“It really is a deep collection,” says Crusan, who was director at the Lyman Allyn Art Museum in New London, Conn., before coming to Ogunquit four years ago. “I knew the collection was good, but I didn’t know it was this good.”
The collection includes a variety of works by artists associated with the famed Ogunquit arts colony, including Edward Betts, Charles Woodbury, Field, and Robert Laurent, and several other Maine artists. But, Crusan says, the museum is also remarkable for the wide diversity of artists represented, including George Bellows, Rockwell Kent, Walt Kuhn, Gaston Lachaise, Augustus Saint-Gaudens, Childe Hassam, Edward Hopper, Yasuo Kuniyoshi, and others.
The best of the collection will be highlighted this year in the special “Sixty Works — 60 Years” anniversary exhibition, which runs May 8 through October.
“The exhibition will feature 60 of the most important works from the collection,” says Crusan. “It may end up to be more than 60 pieces. We have so many good ones, it’ll be hard to pick.”
The exhibition will include works from the early days of the collection through the most recently-acquired works, and spread throughout four of the museum’s recently spruced-up galleries.
The other anniversary year exhibition, “Andy Warhol: American Icon,” will run July 12-Sept. 1. It will feature the photographs of Pat Hackett, Warhol’s longtime friend and writing collaborator. Every morning beginning in 1976, Warhol would phone Hackett to relate the events of his past 24 hours — and what he thought about it all. Hackett would also frequently accompany Warhol, photographing his daily routines, along with his meetings with fellow artists and celebrities like Mick Jagger and Jacqueline Kennedy. The exhibition will feature 50 to 60 of Hackett’s photographs, never before shown in public, along with original works of art by Warhol.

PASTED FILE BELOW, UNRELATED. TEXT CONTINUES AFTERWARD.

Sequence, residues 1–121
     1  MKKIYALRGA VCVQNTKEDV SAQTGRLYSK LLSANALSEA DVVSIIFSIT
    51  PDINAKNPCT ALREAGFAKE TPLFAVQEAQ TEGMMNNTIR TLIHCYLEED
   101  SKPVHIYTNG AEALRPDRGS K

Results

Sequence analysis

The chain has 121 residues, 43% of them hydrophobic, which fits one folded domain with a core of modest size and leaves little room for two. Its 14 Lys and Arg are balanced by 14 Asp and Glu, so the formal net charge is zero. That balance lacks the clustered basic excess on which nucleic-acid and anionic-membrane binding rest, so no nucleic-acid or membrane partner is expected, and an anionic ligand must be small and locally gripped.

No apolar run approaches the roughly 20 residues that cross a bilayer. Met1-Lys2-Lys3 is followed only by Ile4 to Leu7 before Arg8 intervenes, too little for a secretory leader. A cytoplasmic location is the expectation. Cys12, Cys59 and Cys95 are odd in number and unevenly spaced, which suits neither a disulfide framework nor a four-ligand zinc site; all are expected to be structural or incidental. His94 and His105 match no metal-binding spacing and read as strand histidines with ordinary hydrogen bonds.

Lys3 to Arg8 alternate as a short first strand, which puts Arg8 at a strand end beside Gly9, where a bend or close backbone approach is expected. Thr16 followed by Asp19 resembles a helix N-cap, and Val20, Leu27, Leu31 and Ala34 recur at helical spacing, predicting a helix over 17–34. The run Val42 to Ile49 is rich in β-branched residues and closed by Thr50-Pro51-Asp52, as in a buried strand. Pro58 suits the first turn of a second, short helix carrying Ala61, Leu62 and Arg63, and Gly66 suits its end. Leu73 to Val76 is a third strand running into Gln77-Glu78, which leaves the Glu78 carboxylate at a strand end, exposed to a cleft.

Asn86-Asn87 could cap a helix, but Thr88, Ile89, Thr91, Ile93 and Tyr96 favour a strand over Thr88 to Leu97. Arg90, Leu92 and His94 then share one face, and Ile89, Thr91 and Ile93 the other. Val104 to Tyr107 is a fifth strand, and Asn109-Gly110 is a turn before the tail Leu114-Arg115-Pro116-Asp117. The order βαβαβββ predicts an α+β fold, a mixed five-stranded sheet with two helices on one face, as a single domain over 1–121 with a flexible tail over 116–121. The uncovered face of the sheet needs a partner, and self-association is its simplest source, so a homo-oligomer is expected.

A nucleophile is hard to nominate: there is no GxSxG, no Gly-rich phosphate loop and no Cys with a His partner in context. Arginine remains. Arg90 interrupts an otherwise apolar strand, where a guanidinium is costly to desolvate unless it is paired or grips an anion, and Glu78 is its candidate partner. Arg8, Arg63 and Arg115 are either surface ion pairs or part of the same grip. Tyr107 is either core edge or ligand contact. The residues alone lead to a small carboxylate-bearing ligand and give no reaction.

“Charles & Marcia: The Woodburys in Holland” will run Sept. 5 through October. Charles Woodbury was an influential member of the Ogunquit art colony, and founder of the Ogunquit Summer School of Drawing and Painting. Woodbury and his wife, Marcia, also an artist, first visited Holland on their honeymoon and returned several times to paint the Dutch landscape. This exhibition will showcase their work during their travels.
“Emerging Artists: 2013,” will also run Sept. 5 through October. It features the work of three up-and-coming New England artists (they’ve not yet been selected), working in traditional to experimental media. “We’re trying to make the museum more open to contemporary art and living artists,” says Crusan.
We browsed the six galleries, freshly painted, with new floors and lighting, as workers prepared for the museum’s grand 60th-year opening. Outside, we meandered the pocket gardens, landscaped lawns, and rocky ledge that spread across three acres. The gardens’ strategically-placed sculptures were still wrapped in protective canvas, but spring flowers were beginning to pop. We sat on a bench overlooking the cove, and it was easy to imagine a budding artist, brush in hand, painting the inspired scene.
The Ogunquit Museum of American Art 543 Shore Road, 207-646-4909, www.ogunquitmuseum.org
. Daily 10 a.m.-5 p.m., May 8-Oct. 31. Admission $10, seniors and students $9.